They were still in their fourth week of travel. It felt as
if they’d been out there forever, the frozen landscape
around them seemingly endless, stretched into eternity.
The party had stopped briefly so Mason and Dunn could
check their position, hoping the numbers might make
everyone feel like they were accomplishing something
where they were. Still, after their figures, the numbers
didn’t show much, they would need to push even harder.
“Christ!” said Mason in disgust, “we’ve only gone 15
miles in two days.”
“I know Captain, but at least we’re moving in the right
direction. You got to remember sir this ain’t the North
woods we’re going through.”
“Yeah, I know Isaac but 15 miles is shit, all the sweat
were losing here I figure it’s gotta be more than that.”
Dunn rubbed his nose with the back of his mitten,
“Still, it’s better than fourteen,” he said with some
common sense logic.
Mason spit a glob of phlegm into the snow. “Yeah, well
maybe we can make up some extra miles today. Man, am
I tired.” He said wearily. “I’d forgotten how hard this
place could be.” He looked at the second mate and
grinned, “And I used to think pulling an oar with a whale
behind was hard.”
Dunn coughed and nodded. “Captain, pulling an oar
with a whale behind ya is hard,” he said, “this is just a
different kinda hard, that’s all.”
Mason looked at his second mate with some concern.
“What, this cough? It ain’t nothing. Figure I picked up
a cold afore we left New Bedford.”
“You sure?” asked Mason.
Dunn nodded, “Yeah, when I was with the Inuit before
I was never sick. Hell, Captain I figure I’ll be over this in
a couple a days. It ain’t nothing.”
“Yeah, well, if ya feel worse you let me know, ok?”
“Yeah, Captain,” he sniffed, “no problem. Besides I got
an incentive at the next depot.”
“And what might that be, Isaac?”
The second mate smiled, “Two good bottles of whiskey.”
“Two?” asked Mason. “Don’t ya think that’s a bit
Dunn shrugged, “Well ya know Captain, it’s a long
Mason smiled. “That’ll be all good an’ well. Lord knows,
I could use a belt, how’s the rest of the supplies holding
Dunn shook his head “No problems, Captain. We got
more than enough, trust me, we ain’t gonna starve out
“How are the dogs?”
“I always look at ‘em after we make camp. The Eskimo
dogs is good and I brought enough dog booties for the
ones with soft feet,” said Dunn. “We’ve been pretty
fortunate so far.”
Mason understood. On the return trip it would be
necessary to shoot some of the animals for food as needed
but to lose any of them now would pose problems for the
sledging party and a logistical nightmare. If they left any
frozen dog carcasses behind, it was doubtful they would
be where they were left on the return trip. Bears and
seals get hungry too.
“Well, Isaac let’s keep things running as smoothly as
we can, there are enough problems out here as is.”
“Yes, sir,” said Dunn turning to see Hollister
“Captain, Isaac, how do things look?”
“Well,” said Mason, “as Mr. Dunn has commented, we
are moving in the right direction.”
Hollister grunted, “Well, that’s good news at least.”
“Sorry, you don’t have more to write about, Jack,” said
Hollister waved the comment away, “Not a problem
Captain, that’s where imagination comes in handy.”
“Still,” said Dunn, “I be thinking you must really be
stretching it, Jack. I mean your descriptions of darkness
and snow will only go so far with your readers, I’m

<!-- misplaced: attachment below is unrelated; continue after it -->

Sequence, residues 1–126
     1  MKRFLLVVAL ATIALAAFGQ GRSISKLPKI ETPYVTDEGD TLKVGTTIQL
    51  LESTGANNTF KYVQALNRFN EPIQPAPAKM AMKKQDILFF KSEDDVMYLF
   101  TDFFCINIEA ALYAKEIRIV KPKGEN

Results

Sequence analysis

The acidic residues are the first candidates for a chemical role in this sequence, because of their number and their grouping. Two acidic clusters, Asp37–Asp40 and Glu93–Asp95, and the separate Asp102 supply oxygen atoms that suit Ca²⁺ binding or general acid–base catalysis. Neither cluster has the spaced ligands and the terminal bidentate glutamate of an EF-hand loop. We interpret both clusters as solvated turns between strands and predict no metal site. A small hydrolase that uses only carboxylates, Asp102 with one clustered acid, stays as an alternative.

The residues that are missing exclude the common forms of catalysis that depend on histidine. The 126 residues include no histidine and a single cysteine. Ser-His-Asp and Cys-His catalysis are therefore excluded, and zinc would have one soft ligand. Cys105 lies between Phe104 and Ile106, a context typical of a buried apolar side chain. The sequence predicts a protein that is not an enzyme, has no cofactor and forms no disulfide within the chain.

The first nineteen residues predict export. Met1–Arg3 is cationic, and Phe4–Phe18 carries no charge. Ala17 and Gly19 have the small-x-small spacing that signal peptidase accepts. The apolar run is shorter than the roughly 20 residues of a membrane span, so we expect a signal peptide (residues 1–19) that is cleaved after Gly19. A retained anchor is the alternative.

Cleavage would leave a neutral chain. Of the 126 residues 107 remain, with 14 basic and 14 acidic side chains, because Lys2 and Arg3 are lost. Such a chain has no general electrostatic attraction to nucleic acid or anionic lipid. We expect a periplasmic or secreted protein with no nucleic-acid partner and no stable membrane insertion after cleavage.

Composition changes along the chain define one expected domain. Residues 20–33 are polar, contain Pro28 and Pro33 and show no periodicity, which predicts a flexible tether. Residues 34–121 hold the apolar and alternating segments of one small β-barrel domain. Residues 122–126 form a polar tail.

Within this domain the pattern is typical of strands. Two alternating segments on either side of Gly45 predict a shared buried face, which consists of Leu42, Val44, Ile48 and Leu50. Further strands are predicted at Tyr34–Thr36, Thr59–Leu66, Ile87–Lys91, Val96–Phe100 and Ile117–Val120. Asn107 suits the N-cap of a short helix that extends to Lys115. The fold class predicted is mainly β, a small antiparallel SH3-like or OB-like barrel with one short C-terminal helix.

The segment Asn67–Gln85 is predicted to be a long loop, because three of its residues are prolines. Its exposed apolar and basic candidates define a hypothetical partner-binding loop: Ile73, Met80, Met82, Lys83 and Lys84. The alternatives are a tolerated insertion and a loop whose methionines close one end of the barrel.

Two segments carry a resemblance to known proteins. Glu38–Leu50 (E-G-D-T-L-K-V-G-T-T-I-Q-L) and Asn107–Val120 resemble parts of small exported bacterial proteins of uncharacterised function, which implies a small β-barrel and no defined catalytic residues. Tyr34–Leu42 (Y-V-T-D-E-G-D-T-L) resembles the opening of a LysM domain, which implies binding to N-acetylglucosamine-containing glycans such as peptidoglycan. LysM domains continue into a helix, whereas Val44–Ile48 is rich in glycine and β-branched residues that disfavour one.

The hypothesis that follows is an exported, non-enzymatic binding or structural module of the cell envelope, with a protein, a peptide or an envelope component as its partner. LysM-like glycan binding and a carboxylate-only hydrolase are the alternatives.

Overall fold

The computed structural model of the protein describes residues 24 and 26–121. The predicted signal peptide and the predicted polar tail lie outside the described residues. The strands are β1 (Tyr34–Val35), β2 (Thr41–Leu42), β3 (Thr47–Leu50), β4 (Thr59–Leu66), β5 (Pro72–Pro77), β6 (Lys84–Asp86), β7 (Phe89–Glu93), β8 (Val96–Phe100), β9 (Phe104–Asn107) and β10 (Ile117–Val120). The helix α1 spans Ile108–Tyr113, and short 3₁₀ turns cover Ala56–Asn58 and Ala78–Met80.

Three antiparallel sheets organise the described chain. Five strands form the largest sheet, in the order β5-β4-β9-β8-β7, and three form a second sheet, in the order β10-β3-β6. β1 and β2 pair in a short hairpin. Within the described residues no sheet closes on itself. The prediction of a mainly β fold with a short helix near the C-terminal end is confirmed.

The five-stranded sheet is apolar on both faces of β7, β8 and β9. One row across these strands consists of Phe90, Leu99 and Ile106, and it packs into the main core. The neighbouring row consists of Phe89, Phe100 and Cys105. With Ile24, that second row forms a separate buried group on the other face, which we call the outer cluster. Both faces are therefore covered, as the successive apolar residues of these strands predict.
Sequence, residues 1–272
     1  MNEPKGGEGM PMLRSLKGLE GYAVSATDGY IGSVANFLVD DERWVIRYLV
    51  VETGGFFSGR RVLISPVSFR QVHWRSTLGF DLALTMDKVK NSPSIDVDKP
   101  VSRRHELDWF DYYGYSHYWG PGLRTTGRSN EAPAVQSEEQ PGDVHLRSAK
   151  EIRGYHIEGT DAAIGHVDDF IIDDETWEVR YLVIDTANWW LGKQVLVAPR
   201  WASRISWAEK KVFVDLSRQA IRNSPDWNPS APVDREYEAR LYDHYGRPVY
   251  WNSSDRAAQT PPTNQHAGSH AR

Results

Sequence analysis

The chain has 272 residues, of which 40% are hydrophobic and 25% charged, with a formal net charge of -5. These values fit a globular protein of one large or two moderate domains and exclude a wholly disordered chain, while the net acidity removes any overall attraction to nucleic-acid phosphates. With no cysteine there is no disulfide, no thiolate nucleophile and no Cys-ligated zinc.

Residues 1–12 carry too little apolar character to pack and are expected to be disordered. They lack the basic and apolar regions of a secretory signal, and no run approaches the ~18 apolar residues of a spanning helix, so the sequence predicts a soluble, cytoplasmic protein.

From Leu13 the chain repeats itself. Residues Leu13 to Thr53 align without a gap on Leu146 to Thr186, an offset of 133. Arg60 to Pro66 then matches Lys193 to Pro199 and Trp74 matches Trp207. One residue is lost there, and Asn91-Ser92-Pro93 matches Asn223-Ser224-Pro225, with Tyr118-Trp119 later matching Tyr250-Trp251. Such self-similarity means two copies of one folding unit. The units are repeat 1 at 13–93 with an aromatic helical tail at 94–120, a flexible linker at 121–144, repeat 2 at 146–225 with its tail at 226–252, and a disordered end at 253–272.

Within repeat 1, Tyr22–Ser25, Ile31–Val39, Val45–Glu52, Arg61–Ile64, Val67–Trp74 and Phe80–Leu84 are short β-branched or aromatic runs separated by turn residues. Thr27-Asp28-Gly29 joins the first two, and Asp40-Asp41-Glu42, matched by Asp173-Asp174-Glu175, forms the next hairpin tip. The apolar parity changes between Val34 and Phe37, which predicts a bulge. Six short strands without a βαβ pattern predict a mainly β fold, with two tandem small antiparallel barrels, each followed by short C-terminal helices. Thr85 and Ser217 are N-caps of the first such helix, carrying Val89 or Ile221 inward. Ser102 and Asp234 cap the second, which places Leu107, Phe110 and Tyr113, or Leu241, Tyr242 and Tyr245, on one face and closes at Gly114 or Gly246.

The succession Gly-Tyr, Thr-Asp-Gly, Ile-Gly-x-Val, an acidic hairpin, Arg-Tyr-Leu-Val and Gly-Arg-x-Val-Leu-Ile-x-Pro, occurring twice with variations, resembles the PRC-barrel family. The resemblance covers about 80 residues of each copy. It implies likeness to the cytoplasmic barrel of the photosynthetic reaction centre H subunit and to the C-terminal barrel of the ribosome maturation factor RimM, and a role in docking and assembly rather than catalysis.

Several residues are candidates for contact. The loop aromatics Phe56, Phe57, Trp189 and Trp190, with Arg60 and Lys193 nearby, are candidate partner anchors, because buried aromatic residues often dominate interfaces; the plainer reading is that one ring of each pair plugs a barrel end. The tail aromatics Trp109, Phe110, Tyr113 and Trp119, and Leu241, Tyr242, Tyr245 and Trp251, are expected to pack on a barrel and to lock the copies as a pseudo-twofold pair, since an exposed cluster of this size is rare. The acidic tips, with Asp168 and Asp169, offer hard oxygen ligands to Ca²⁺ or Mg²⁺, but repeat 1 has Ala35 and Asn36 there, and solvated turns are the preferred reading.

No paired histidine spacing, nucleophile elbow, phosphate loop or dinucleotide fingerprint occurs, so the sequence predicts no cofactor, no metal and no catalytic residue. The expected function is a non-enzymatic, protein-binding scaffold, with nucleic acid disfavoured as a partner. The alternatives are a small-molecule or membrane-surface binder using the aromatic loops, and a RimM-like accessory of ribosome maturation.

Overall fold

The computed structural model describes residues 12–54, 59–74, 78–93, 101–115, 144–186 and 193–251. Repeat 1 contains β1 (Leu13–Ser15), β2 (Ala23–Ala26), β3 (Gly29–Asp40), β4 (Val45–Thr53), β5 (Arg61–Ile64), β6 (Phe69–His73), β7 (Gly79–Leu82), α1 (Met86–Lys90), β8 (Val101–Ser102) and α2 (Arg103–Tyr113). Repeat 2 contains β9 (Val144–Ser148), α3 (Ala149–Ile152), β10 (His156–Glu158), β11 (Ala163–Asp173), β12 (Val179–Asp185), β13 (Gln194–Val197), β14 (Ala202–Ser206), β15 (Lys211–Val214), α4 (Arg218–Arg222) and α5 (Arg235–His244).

Hollister laughed. “Well, the dogs make for some pretty
interesting copy Isaac.”
“Yeah,” said the second mate, “I can imagine.”
Goodman came up to the three men. “Captain,
everything is ready to go on your say so, sir.”
Mason nodded, “Thank you Goodman, we’ll be leaving
in ten minutes.”
“Yes, sir,” said the dog driver turning away.
“Oh…and Goodman,” said Mason. “We’ll put Michaels
up front awhile, let him give his dogs a good run.”
Goodman cocked his head to the side. “Ya think that’s
wise Captain, I mean Mike, he ain’t got much experience
up here’s ya know.”
Mason controlled his irritation with the dog driver who
was making a habit of questioning Mason’s decisions.
“None of us have much experience Goodman, Michaels
has the lead until we camp.”
“Yes, sir, I’m just…”
“Michaels has the lead Goodman,” said Mason in a tone
that was without a doubt, final.
“Yes, sir,” said Goodman. He knew better than to argue
with Mason, but he was content to know that he had
gotten under the Captain’s skin a little. He walked over
to inform Michaels of the Captain’s decision and give him
a chance to air his grievances to a sympathetic ear.
Damn him! Thought Mason, if he’d known Goodman
was going to be such a problem, he would have left the
son of a bitch back on the ship. Well, they were all in this
together, whether they liked it or not, still he was going
to have to deal with Goodman before things got worse.
Dunn disliked seeing Mason put in such a position.
“Excuse me sir,” he said and left Mason and Hollister to
follow the landsman. “Goodman!” he said, the dog driver
continued walking. “Goodman!” Dunn said in a louder
voice, “Stop right where you are!”
The man stopped and with bored resignation, turned to
face the mate who was none too happy. “What do you
want?” he asked as if he was being bothered.
Dunn stepped up. “Listen you arrogant little shit.
When the captain tells you to do something you do it,
“Yeah, yeah, yeah, listen to the captain.”
Dunn grabbed him by the front of his parka. “There is
a lot at stake here, you fuck! So get your act together!”
Goodman twisted away from Dunn and nodded, “Yeah,
ok,” he sneered, “Mr. Dunn!” he turned and walked to his
Christ! thought Dunn, they should’ve left the son of a
bitch back at the ship.